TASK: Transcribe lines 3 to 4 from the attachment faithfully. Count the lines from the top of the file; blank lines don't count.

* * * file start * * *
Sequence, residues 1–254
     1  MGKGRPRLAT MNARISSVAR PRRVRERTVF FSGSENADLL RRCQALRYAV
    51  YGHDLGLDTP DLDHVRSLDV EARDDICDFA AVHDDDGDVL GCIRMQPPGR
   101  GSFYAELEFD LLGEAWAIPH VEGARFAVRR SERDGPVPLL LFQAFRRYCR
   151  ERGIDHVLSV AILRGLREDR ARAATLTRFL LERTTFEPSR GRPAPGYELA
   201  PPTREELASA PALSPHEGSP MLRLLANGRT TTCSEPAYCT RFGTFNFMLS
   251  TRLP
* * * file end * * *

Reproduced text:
    51  YGHDLGLDTP DLDHVRSLDV EARDDICDFA AVHDDDGDVL GCIRMQPPGR
   101  GSFYAELEFD LLGEAWAIPH VEGARFAVRR SERDGPVPLL LFQAFRRYCR